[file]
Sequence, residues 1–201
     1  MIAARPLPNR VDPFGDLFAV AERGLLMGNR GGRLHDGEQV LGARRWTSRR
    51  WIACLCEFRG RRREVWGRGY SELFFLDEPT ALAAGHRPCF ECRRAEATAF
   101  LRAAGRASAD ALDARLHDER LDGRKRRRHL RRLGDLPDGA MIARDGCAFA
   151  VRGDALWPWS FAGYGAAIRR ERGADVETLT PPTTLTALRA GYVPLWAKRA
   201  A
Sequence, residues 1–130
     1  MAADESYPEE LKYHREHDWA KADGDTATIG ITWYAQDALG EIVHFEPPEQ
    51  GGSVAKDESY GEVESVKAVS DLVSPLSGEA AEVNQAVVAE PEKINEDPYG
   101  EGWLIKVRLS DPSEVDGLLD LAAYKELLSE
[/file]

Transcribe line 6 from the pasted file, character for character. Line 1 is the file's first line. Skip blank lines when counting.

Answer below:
   201  A